The ketogenic diet has been gaining more and more popularity in recent years. Fitness enthusiasts, middle aged men and women looking to drop a few pounds, even parents of children suffering from health conditions along with so many others have found it to be extremely effective in helping them with their specific heath goals and wellness needs. However, with that being said, there is still plenty of confusion about what the ketogenic diet is and how it actually works. Hopefully this blog, without going into too much detail, will provide a little bit of insight and help to clear up some of the common confusion that occurs when talking about the ketogenic diet.
First, let’s talk about what the term ketogenic actually means! Again, the goal here is not to cause more confusion so let’s keep it simple. The term ketogenic relates to the term ketogenesis. Ketogenesis refers to the production of ketone bodies (acetone, acetoacetic acid and beta-hydroxybutyric acid) which are byproducts of fat metabolism in the body. Simple enough for you? No? Ketogenic refers to the things that your body creates as a result of breaking down fat in the body. Both dietary fat, the fat we eat, as well as stored body fat, the fat we HATE! So, the ketogenic diet is a specific eating protocol which aims to teach your body to burn dietary and stored body fat as its primary fuel source.
The Ketogenic diet first gained its modern popularity and its name as a treatment for those suffering from epilepsy in the early 20th century. The original standardization of the ketogenic diet by Dr. Peterman of the Mayo Clinic called for an individual to consume the following:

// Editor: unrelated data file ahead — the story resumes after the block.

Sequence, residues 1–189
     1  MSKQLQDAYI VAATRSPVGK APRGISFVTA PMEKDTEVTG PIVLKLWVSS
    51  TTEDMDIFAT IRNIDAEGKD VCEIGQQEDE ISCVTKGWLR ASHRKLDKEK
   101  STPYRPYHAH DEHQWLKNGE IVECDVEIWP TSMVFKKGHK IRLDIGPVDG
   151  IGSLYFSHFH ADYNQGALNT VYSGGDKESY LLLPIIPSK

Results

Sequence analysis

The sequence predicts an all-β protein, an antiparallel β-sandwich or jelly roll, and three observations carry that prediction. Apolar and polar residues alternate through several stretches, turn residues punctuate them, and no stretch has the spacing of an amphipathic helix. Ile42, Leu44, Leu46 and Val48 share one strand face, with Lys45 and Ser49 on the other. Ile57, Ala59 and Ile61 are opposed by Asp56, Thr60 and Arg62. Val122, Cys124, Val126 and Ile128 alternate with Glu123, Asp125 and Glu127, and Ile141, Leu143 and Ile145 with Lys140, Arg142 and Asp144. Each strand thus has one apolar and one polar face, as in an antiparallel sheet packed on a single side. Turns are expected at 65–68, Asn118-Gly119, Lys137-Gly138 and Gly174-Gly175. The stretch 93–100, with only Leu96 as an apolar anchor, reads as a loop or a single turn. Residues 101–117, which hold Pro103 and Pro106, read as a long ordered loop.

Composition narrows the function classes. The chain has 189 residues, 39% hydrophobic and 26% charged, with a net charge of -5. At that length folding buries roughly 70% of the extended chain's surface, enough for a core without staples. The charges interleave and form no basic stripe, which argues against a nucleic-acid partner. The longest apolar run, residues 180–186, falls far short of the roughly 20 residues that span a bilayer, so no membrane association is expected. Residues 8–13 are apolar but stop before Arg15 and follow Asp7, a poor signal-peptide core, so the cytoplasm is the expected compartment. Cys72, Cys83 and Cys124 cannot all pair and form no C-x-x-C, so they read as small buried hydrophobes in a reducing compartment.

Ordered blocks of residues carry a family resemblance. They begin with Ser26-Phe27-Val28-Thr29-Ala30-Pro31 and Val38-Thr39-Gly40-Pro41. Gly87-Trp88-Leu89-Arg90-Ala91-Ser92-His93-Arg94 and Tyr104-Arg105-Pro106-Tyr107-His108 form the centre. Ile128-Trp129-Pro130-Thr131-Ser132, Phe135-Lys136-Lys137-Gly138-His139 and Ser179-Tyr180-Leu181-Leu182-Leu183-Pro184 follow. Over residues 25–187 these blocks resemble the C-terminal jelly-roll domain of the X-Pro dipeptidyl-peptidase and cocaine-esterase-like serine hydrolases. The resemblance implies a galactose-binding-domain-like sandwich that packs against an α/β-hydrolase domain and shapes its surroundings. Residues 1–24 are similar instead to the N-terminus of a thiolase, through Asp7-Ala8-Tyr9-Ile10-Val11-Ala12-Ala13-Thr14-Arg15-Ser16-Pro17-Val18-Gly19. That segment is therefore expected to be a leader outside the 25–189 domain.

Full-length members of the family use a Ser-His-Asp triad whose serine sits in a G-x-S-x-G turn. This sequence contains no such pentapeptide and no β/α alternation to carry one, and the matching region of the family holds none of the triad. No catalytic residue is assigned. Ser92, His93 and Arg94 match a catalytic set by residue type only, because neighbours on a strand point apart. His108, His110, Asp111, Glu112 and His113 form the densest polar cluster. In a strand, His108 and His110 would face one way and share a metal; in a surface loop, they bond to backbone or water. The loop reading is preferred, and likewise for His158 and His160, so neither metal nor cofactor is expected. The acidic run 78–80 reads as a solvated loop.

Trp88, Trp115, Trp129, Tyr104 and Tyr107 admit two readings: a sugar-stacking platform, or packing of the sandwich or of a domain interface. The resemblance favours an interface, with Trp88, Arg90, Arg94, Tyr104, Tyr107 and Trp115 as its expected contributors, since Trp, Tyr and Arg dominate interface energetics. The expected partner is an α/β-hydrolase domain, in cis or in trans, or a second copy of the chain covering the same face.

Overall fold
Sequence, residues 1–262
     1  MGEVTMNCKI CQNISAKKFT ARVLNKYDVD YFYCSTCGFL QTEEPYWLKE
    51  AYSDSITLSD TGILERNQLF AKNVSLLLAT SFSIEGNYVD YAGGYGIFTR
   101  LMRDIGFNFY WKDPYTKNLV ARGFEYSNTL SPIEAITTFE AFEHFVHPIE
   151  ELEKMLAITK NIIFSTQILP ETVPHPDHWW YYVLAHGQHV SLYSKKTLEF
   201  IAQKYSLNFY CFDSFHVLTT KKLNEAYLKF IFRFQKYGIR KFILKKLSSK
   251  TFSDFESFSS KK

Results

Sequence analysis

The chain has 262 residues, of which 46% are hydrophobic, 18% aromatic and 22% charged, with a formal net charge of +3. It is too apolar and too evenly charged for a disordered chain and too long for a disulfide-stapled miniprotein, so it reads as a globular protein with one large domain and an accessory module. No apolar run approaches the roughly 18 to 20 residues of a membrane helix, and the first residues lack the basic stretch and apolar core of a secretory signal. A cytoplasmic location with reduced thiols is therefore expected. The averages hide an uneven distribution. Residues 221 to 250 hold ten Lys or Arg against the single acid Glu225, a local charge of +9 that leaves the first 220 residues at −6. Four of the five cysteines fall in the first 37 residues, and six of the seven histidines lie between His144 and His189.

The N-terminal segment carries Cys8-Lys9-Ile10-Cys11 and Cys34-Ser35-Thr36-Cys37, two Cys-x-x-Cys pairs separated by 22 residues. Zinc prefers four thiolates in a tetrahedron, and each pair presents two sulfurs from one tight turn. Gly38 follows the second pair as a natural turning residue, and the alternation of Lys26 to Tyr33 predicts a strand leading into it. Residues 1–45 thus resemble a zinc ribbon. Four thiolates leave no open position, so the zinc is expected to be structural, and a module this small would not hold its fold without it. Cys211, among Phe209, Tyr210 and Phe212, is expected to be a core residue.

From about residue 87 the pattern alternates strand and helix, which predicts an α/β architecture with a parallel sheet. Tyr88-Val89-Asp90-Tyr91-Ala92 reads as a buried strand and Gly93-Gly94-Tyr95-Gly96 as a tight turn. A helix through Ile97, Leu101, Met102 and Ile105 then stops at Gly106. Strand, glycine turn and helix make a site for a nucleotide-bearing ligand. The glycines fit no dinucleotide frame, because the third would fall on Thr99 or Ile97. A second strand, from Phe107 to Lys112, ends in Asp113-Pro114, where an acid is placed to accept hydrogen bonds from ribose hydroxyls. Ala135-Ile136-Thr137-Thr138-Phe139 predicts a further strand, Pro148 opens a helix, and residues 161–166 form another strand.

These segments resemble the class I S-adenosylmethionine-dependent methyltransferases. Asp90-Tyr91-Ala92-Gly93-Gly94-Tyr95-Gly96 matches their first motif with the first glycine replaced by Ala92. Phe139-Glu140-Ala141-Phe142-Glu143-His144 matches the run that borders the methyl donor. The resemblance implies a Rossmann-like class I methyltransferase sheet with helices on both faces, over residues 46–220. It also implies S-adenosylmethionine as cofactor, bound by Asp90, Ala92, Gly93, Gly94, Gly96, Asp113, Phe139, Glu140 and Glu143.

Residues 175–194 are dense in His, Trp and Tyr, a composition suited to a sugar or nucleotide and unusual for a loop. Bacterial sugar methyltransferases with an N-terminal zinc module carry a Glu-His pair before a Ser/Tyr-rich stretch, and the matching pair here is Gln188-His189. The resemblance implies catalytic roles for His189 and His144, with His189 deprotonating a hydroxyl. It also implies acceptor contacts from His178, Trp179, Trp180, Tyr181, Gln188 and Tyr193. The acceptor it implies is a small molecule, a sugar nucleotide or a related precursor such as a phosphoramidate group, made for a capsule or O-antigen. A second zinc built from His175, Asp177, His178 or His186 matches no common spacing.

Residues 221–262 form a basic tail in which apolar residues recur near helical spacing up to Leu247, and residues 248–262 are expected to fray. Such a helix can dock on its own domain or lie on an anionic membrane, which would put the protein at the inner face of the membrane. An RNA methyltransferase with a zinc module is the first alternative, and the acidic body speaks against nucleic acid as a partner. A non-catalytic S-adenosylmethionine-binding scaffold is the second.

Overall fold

- 1g of protein per kilogram of bodyweight per day
- 10 to 15g of carbohydrates per day and all remaining calories from fat sources
Today, many people implement the ketogenic diet, or some adaptation of it, for the sole purpose of shredding unwanted body fat. Using the ketogenic diet as a weight loss tool can be extremely effective if you are able to do a couple of things:
- Keep close watch over your macro balance (how much protein, fat and carbodydrates you are ingesting on a daily basis) and remain consistent
It is easy to eat more calories than what is necessary to sustain your body weight. It is even easier to eat more calories than you need to lose weight. Being that fats make up the bulk of any true ketogenic diet and that they are also the most calorie dense of all the macro nutrients it is easy to see why keeping a close eye on how much you are eating is fundamental to the success of any Custom Weight Loss Plan, especially a ketogenic one.
Many people who struggle with the implementing a truly ketogenic diet may steer towards either a modified Atkins diet or a generally higher protein/lower carbohydrate diet (both of which I will be blogging about in the near future). These three approaches to fat loss dieting do differ in a number of ways including the means by which they provide energy for different types of activity and so forth. They all have the perks and they also have their drawbacks depending on the goal at hand and the individual’s needs. Many times, when beginning a low carbohydrate diet of any kind, particularly a ketogenic one, you may experience an initial drop in energy levels over the course of the first week or two. Sometimes refed to as the ketogenic flu, this is simply an adjustment period during which your body is trying to figure out how to function under the new dietary conditions. Many people struggle to get through this period and abandon the game plan. For those who are able to stick it out they often find that after the initial adjustment phase they regain their energy levels and many times feel even better than they did previously. So, for anyone currently starting a ketogenic diet or for anyone considering doing so, stay strong…it gets way better!
This was a very basic introduction to what a ketogenic diet is and some of the potential benefits that it can have. There is a TON of free information out there on the subject of ketosis, ketogenic dieting and how it can be implemented as a means of improving one’s health. However, it is extremely important that you consult your physician or another health professional before drastically changing your nutritional habits. If you enjoyed the information provided in this blog, please check out our other blogs and feel free to give us your feedback!
By Vic M.
B.S. Exercise Science, NSCA-CSCS Certified